Is the Ferrari we saw at the Bahrain Grand Prix representative of what we can expect from the SF-23 throughout the 2023 Formula 1 season?
This is what many F1 fans are asking themselves, after a disastrous start to the season for Ferrari with a car not worthy of rivalling a Red Bull RB19 which, rumour has it, ran tuned down in the final laps of the season opener and would have otherwise gone as much as one second per lap faster than its opposition.
There is a fear that the 2023 season could be dominated by Red Bull. The RB19 improved on its 2022 time by almost a full second, while Ferrari found only 0.5s. The Bahrain GP was cause for a lot of discouragement and pessimism among those hoping for a title fight.
However, there are several reasons to believe that the Ferrari SF-23 from Bahrain was not particularly close to its real potential.
First of all, Ferrari was particularly hamstrung by the Pirelli tyres’ behaviour in a race conditioned by substantial tyre degradation. The SF-23, in both Charles Leclerc’s and Carlos Sainz’s hands, looked a ‘tyre-eater’ in testing already, and stayed true to form in the grand prix weekend. But qualifying, where the prevailing tyre factor isn’t one of management but of getting rubber in the correct temperature window, showed an SF-23 capable of fighting on par (or almost) with the Red Bull RB19.
Is the SF-23 really a hopeless tyre-eater?
In the words of new Ferrari team boss Fred Vasseur, if a car is intrinsically slow it is slow in all conditions.
These new-generation cars have long proven to be very sensitive to mechanical rather than aerodynamic set-up. Ferrari certainly failed in Bahrain to find a set-up capable of being more gentle on the tyres without being too slow.
But the Sakhir circuit is among the least conducive to tyre longevity due to a very abrasive asphalt, and this certainly accentuated Ferrari’s problems. The race pace of the SF-23 was practically identical to that of its predecessor, the F1-75 (just a tenth of a second between them), which clearly shows that the new car did not show the potential that was seen in the simulator.
The next race is held on the Jeddah circuit, with a much less abrasive asphalt and also a very different layout. If what we saw at Sakhir is indicative of the performance of the 2023 cars, then Ferrari should certainly do better in the Jeddah race.
Sainz’s team radio during his shortlived battle with Fernando Alonso’s Aston Martin was emblematic – “I can push harder but I ruin the tyres and we don’t finish the race” was a phrase that highlighted the understanding that Ferrari competed at lower pace to save rubber.
The problem in Bahrain was the set-up. In Jeddah, the conditions will be less unfavourable for the SF-23.
Another problem encountered by Ferrari in terms of set-up concerns aerodynamics, as it was unable to use the single-pillar rear wing, with more impact on the main profile.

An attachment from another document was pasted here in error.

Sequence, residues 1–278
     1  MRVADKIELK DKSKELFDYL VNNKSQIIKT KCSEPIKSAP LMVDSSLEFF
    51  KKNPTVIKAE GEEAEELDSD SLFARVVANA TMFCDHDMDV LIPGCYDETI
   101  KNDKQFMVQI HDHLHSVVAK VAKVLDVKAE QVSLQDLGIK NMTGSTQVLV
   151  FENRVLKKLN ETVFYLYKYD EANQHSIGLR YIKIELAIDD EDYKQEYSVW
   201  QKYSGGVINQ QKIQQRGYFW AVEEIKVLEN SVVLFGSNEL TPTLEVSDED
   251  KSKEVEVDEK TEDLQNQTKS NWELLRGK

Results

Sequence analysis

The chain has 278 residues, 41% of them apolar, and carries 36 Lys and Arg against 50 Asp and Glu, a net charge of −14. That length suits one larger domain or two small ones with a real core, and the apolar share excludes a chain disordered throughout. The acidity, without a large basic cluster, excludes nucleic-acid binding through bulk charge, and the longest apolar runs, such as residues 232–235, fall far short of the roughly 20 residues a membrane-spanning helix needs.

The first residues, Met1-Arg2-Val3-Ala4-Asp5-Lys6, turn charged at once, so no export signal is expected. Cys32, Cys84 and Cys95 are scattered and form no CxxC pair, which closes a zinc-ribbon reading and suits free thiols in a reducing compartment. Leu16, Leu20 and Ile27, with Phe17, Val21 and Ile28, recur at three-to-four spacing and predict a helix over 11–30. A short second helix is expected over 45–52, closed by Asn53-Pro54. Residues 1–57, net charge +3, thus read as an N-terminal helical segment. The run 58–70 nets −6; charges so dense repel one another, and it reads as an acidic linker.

The problems were of a structural nature, with the wing flexing dangerously, creating the risk of it detaching from the car. Within two weeks this problem should be resolved, although it is not clear that the new wing will be used on the fast Saudi Arabian layout.
In Bahrain, the SF-23 seemed too unbalanced at the front, with an overly light rear that caused oversteer problems – more of a complication for Sainz than Leclerc.
During the tests, Ferrari had shown difficulty in getting the car turned in the middle of the corner, with a lot of steering angle. It decided to intervene by unbalancing the car more in the front area, but this made the rear unstable.
During the race, before his engine failure, Leclerc asked his engineer to reduce the front wing angle to have a more balanced car between front and rear.
On a rear-limited circuit like that of Bahrain, the problem of tyre degradation exploded. Red Bull, on the other hand, was the only team out of 10 to have problems with tyre wear on the front axle. It will be interesting to see how the RB19 performs on more front-limited tracks such as Melbourne.
But back to Ferrari – Jeddah is a less severe track on the rear tyres and this will certainly help the SF-23.
Outside of pure performance, reliability, obviously, remains a question mark. But Leclerc’s exit in Bahrain, though costly, needn’t be emblematic of a wider concern. Though the retirement came after a precautionary swap of the control electronics (battery), it was apparently a trivial issue with the electrical wiring.
Ferrari is in a transitional phase when it comes to its sporting and technical management. The timing of Mattia Binotto’s departure in the winter was certainly not ideal, given it was at an important moment in the development of a car. Now, adding on to it is the resignation of the head of aerodynamics David Sanchez, who played a big part in the ‘excavated’ Ferrari sidepod concept.
The changes Ferrari is undergoing are a sign that the team is evolving, and it is not yet known if it could make the 2023 season a full-on rebuilding year. The Vasseur-led revamping of the internal organisation chart is something that could continue for a while – with it a priority to arrive at a definitive team in good time for 2026, when the technical regulations will change.